Watch how his mere presence forces the Michigan State greats to stay close to the arc, creating post-ups and cuts for his teammates:

    The same thing can and will happen with your NBA teammates.

    but will his pro team sacrifice a lot on the boards and defense with kaminsky at center? well, he doesn’t project to dominate in those departments, but he has enough length and agility to hold his own.

    He’s only grabbing 9.9 boards per 40 minutes, which is partly a reflection of his unspectacular athleticism and physique compared to other greats. however, his low total is also due to the time he spends on the perimeter, which reduces his chances of offensive rebounds. When it comes to defensive rebounding, he does very well, posting a solid 25.5 percent, according to basketball-reference.com.

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    As a defender, Kaminsky has become a cautious rim protector. he moves his feet well, alters shots and blocks 1.9 attempts every 40 minutes.

    The best part is that he commits only 1.9 fouls per 40 minutes, an outstanding block-to-foul ratio. Using his length, discipline, and precision over time, he is able to redirect opponents’ incursions without crashing into them.

    Sports Illustrated’s David Gardner explained that while Kaminsky is occasionally outplayed by powerful centers, he is valuable because he has the footwork to play off the rim: “The bigger post players can push him back in the paint, but he’s adept at protecting switches away from the basket.”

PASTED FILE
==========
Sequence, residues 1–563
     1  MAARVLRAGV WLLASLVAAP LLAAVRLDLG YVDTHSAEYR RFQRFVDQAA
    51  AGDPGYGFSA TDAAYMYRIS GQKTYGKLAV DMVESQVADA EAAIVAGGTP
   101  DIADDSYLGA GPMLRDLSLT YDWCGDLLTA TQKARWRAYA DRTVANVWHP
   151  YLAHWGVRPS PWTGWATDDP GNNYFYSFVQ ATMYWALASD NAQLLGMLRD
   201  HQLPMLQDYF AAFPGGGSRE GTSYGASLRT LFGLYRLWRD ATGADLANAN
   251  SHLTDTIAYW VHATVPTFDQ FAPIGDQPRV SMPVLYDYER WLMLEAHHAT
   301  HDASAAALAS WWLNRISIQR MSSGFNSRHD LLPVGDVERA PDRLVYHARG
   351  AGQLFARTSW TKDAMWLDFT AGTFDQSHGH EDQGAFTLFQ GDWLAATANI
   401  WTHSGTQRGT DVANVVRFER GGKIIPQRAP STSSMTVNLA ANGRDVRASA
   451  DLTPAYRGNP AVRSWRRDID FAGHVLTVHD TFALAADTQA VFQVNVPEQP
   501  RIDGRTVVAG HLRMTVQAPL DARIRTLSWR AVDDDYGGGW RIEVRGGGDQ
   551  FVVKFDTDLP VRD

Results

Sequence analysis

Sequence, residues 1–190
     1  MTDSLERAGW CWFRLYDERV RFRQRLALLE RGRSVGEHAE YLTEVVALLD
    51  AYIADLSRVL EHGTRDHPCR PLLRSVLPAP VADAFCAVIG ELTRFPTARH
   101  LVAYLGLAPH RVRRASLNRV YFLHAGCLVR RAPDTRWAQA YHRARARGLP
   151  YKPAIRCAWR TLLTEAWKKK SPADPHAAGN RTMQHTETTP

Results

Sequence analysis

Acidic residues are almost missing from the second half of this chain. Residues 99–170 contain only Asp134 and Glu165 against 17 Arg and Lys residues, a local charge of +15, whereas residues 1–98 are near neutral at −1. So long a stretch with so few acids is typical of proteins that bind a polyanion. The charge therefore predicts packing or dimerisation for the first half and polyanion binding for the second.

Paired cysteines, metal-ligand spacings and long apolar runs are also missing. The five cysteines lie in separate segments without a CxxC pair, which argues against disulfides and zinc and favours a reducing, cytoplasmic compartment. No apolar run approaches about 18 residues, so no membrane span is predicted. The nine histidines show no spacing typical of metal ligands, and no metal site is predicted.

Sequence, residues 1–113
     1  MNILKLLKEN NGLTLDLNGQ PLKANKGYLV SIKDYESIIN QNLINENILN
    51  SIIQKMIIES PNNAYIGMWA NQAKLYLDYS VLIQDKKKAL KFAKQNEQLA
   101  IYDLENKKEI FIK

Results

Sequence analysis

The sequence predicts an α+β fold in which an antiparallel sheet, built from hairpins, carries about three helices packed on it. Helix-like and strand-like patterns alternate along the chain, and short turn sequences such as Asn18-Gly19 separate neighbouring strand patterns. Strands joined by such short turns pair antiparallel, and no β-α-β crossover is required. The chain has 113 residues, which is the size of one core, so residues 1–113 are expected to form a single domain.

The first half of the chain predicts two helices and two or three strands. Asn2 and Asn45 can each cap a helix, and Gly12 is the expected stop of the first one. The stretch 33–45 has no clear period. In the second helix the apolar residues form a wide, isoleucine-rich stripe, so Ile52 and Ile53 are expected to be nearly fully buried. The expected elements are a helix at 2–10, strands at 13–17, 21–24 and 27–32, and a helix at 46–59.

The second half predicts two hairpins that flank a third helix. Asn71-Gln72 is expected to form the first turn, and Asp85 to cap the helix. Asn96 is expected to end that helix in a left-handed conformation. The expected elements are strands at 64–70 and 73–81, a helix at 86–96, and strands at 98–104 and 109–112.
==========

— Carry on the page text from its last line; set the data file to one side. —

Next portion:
how does all this translate in the nba?

    let’s not let our appreciation for his college supremacy overstate the nba’s projections. he’s not going to be a superstar, and he’s not going to be the standout weapon of an offense.

    But at his best, he could be a second or third choice on your roster. he’ll feast on pick-and-pops and sprinkle a healthy dose of post-ups against favorable matchups. Kaminsky will play well with the star of his team, and you can expect efficient production in his first year or two in the league.

    comparisons to brad miller aren’t too far off as he’ll also be a fluid big man from the inside out who gets 13-15 points and six-eight rebounds in his prime. Kaminsky will also be more lethal from the ground from 3-pointers, since he will take more 3-pointers and make a higher percentage of them (Miller shot 33 percent from deep on his run).

    wisconsin coach bo ryan is naturally going to be biased, but he offers that the late-blooming kaminsky is still improving and will continue to expand his game. “He has learned things and has been able to go to the next level of learning,” he told Jeff Arnold about the New York Times. “where some guys can get to a point where they plateau, frank is still getting better.”

    Most importantly, it will give your coach a lot of flexibility and streamline the offense of whatever lineup he’s a part of.

    That kind of size, versatility and polish make it a no-brainer towards the end of the 2015 lottery.

    daniel o’brien covers the nba draft for the bleacher report.

    follow him on twitter: @danielo_br